Sometimes when a transfer student shows up they’re meant to be a rival or obstacle to the MC, but this was a nice subversion of that formula. It’s also refreshing to have a male character who isn’t Anos—or an asshole. Both he and Misa are welcome additions. On to the Magic Sword Tournament, in which Anos and Ray are clear favorites to make the finals.

The Misfit of Demon King Academy – 04 – Live Like There’s a Tomorrow

Anos deduces that Misha and Sasha are actually the same person, since Sasha was able to break a Zacht unilaterally. Ivis Necron utilized “Division Fusion Resurrection Magic” Dino Jixes two create a more powerful race when the two beings fused into one on their fifteenth birthday. But Anos isn’t going to let that happen.

He’s going to make sure Misha lives on. He just needs her to believe there’ll be a tomorrow for her…because he said so. When they catch up to Sasha, she’s still pretending like she hates Misha, when in reality, she sets up two massive magical circles, one of which will be used to transform Misha into the original, instead of Sasha.

Sasha had been trying for years to get Misha to hate her so she’d reject her and welcome the transformation, but Misha never could. Anos proposes he send the two of them back in time fifteen years, which would cause two “new” sources to appear for a total of four, which would fuse into two separate beings: the two sisters.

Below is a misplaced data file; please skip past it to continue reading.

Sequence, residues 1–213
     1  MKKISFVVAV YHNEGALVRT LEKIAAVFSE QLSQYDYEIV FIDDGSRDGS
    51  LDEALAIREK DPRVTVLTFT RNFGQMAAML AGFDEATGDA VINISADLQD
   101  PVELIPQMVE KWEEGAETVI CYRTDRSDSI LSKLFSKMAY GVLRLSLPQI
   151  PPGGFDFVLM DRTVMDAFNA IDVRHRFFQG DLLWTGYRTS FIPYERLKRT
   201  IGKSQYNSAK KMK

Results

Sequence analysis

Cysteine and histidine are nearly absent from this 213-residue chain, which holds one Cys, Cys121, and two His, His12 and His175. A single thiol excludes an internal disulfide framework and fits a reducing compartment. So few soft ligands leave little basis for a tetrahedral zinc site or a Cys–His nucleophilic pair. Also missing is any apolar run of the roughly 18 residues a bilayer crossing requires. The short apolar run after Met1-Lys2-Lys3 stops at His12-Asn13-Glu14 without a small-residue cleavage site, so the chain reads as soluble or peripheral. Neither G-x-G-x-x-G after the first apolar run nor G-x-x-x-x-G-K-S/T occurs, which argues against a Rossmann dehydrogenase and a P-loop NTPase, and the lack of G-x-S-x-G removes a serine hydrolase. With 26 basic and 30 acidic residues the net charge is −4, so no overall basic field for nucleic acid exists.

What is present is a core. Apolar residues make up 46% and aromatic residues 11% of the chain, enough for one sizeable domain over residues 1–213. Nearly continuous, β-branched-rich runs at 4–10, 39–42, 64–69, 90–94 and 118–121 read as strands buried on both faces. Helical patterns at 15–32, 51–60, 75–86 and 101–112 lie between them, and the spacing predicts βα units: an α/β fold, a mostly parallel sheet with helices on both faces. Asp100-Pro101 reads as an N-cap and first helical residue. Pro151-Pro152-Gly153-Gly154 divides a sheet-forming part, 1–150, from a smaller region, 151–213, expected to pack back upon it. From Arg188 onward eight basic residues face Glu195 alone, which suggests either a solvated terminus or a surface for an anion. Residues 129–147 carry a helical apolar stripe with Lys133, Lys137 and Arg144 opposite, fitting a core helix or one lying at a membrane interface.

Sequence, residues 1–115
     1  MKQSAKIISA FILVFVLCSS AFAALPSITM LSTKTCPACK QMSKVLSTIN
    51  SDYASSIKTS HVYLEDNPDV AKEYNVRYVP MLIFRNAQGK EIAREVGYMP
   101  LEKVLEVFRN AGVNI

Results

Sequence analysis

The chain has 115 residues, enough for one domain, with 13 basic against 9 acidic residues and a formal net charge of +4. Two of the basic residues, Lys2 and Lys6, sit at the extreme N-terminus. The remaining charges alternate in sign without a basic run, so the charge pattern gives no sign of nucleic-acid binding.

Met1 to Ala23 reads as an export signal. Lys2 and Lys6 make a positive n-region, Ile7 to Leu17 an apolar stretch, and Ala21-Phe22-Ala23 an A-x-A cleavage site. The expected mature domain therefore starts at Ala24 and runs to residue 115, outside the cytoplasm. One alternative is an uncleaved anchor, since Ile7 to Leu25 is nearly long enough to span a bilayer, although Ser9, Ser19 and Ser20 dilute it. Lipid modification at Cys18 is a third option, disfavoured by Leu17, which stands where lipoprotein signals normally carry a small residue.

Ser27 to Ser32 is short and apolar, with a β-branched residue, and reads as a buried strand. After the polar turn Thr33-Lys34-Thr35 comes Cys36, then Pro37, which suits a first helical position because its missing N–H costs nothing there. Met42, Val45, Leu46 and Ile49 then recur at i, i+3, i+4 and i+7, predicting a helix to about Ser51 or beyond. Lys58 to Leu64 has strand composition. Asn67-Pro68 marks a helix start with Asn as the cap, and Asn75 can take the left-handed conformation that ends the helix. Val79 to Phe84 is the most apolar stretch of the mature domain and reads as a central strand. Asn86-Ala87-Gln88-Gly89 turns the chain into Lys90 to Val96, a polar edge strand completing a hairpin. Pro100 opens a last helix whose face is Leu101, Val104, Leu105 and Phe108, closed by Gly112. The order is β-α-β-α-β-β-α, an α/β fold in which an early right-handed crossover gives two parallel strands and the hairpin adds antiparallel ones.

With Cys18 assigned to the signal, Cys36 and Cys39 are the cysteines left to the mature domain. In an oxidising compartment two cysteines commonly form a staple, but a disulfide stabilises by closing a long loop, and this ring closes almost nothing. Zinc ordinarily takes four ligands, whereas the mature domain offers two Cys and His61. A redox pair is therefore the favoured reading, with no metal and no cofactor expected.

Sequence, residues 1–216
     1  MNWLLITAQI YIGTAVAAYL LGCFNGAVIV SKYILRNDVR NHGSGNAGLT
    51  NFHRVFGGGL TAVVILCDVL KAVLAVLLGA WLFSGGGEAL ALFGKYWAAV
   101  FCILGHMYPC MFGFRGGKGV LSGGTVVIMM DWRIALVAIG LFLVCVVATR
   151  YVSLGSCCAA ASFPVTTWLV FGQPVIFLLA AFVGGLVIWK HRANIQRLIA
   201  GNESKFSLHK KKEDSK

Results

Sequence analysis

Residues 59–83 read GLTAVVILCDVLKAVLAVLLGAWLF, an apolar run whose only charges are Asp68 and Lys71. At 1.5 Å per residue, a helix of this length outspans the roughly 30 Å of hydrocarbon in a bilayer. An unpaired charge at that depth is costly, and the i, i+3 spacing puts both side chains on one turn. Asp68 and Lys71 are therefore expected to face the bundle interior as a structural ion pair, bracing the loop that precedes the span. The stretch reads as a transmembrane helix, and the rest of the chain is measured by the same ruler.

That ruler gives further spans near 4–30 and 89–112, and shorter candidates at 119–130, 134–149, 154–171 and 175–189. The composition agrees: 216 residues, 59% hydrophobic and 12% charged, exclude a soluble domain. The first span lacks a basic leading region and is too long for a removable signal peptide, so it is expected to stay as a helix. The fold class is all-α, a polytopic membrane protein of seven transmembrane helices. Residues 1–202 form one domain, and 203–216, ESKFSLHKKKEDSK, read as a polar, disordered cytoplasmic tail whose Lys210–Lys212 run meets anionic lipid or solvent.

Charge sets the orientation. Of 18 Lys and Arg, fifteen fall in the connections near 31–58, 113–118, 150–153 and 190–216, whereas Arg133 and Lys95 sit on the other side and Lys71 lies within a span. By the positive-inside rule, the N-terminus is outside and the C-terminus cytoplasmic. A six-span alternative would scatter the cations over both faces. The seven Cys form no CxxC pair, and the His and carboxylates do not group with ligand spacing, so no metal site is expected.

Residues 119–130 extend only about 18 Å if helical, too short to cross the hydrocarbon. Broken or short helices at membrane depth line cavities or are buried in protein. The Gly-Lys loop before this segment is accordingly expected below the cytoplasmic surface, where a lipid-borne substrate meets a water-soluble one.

That’s when Ivis shows up and stabs Anos through the heart in order to prevent him from disrupting his plan to create a vessel for the founding ancestor via Dino Jixes. Of course, Anos is the founding ancestor, so not only does Ivis’ attempt on his life fail, but he’s able to toss Ivis across the room with little effort.

Anos begins the Rivide spell that sends the sisters back in time, but his actions attract the attention of Eugo La Raviaz, the Guardian God of Time, who doesn’t take kindly to people messing with his domain. He lends his godly powers to Ivis, who stops time both the sisters and Anos’ initial attacks.

Even with Eugo’s power, Ivis again fails to do away with Anos, who stubbornly remains alive…because he’s the Demon King. He restarts time for the sisters, and urges them to declare their belief in him as the Demon King, which they do wholeheartedly.

Since this is all taking place within Anos’ castle, he’s able to summon the Magic Sword of Destruction Venuzdnor, which he not only uses to shatter Ivis’ time prison, but to purge Ivis of Eugo’s godly power. Anos is also able to remove the influence of the impostor and restore some of Ivis’ memories. He tasks him with investigating that impostor while letting him believe he’s still under his control.

With the sisters now secure as two separate entities and any threat of Ivis eliminated, Anos leads Misha and Sasha to the castle entrance to collect their perfect score, something that for all his power he’s never actually attained.

It’s all part in parcel of becoming weary of war and being glad to be resurrected in a world of peace, even there are only two people willing to acknowledge him. He gives Misha the magic ice ring for her birthday, while Sasha gets to keep her magic coat. All’s well that ends well, but damn did this episode throw a lot of jargon out there—Demons, gods, spells, weapons, and concepts, oh my!